14 votes

Why Do We Tolerate Saudi Money in Tech?

7 comments

  1. [6]
    Magneto
    Link
    Saudi Arabia is one of those necessary (in terms of a western perspective) evils in global politics. Without Saudi Arabia, western influence in the middle east will evaporate. China will then no...

    Saudi Arabia is one of those necessary (in terms of a western perspective) evils in global politics.

    Without Saudi Arabia, western influence in the middle east will evaporate. China will then no doubt buy out the region, align with SA, and proceed to take control of the Persian Gulf. The US Dollar will collapse while the Chinese Yuan takes it's place.

    The pros of being an ally of Saudi Arabia outweigh the cons. So you're going to see Western politicians turn their cheek in response to Saudi Arabia's immoral practices.

    8 votes
    1. [2]
      beiz
      Link Parent
      good insight, but i would like to add that this problem, and the current decay of the US wouldn't exist if they hadn't gone to war in order to preserve the dollar as the oil exchange currency;...

      good insight, but i would like to add that this problem, and the current decay of the US wouldn't exist if they hadn't gone to war in order to preserve the dollar as the oil exchange currency; since even china was on board with switching over to euro as reserve back then. now that china has a power hungry dictator, and are organizing a global market split together with russia, the gambit is over. the US desire to be in control of the globalization has doomed it from ever happening, and doomed the nation. it's just one mistake after another killing the country by pushing for a free market economy that doesn't work. as soon as all the money sits in the pockets of bezos etc, that's the end of the US. he, and his ilk, are not rockfellers willing to sacrifice even a small part of their fortune to save the country, and why should they? life is pretty good if not better elsewhere, for the moment, because of US neoliberal influence making life easier for the rich. all they have to do is to get on their private jets and leave the ruins behind. start their extractions, and move again once the place is dry.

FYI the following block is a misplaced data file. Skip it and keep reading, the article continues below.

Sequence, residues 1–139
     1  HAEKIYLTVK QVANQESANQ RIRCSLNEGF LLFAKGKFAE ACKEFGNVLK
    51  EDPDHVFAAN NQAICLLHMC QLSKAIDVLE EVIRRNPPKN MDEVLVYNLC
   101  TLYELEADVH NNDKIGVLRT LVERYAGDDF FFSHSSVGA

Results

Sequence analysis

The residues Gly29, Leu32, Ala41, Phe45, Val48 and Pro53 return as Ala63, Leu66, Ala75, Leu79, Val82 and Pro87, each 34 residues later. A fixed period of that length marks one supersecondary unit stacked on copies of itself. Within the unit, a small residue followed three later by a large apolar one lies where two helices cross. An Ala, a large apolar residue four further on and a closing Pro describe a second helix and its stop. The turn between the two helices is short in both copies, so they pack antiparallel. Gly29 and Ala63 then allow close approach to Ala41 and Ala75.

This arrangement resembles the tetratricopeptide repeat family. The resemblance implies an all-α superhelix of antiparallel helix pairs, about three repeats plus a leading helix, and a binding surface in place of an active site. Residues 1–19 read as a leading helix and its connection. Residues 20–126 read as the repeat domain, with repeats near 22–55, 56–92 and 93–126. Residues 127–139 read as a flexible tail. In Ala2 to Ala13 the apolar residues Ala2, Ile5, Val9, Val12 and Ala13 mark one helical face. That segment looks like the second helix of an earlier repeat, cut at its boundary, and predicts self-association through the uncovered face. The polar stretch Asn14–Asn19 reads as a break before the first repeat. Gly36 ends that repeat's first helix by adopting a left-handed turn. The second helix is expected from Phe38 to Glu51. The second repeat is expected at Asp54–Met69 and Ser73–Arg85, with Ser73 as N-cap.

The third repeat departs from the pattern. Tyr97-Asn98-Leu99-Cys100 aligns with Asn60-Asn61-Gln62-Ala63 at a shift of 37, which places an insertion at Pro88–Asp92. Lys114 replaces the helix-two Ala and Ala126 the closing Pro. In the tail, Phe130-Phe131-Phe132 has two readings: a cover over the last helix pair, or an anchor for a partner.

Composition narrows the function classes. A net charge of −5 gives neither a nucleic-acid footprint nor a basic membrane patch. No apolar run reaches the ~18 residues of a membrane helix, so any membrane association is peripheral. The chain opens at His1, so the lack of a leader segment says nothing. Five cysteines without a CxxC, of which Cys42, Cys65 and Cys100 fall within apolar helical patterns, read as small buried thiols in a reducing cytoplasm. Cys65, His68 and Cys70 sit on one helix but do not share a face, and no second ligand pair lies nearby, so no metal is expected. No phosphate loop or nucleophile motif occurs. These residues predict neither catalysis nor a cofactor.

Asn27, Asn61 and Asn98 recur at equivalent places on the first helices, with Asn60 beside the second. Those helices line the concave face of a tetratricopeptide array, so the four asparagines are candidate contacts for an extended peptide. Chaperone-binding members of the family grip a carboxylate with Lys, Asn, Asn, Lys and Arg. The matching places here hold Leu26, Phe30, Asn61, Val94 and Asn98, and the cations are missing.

13 votes
      1. stephen
        Link Parent
        I think you misspelled "state capitalism." That one thing aside, I agree with you on all counts. In a lot of ways, MBS is a more perfect form of a business man. Saudi Arabia is like a massive,...

        free market economy

        I think you misspelled "state capitalism." That one thing aside, I agree with you on all counts.

        In a lot of ways, MBS is a more perfect form of a business man. Saudi Arabia is like a massive, private company and their CEO rules by divine rite.

        9 votes
    2. stephen
      Link Parent
      It's true. The Americans in charge of foreign policy would rather be powerful than enact any of the values they espouse in books, op eds, and interviews. Americans really only care about...

      It's true. The Americans in charge of foreign policy would rather be powerful than enact any of the values they espouse in books, op eds, and interviews. Americans really only care about convenience. When freedom, equality, and popular suffrage stop being convenient for powerful Americans they stop existing.

      8 votes
    3. balooga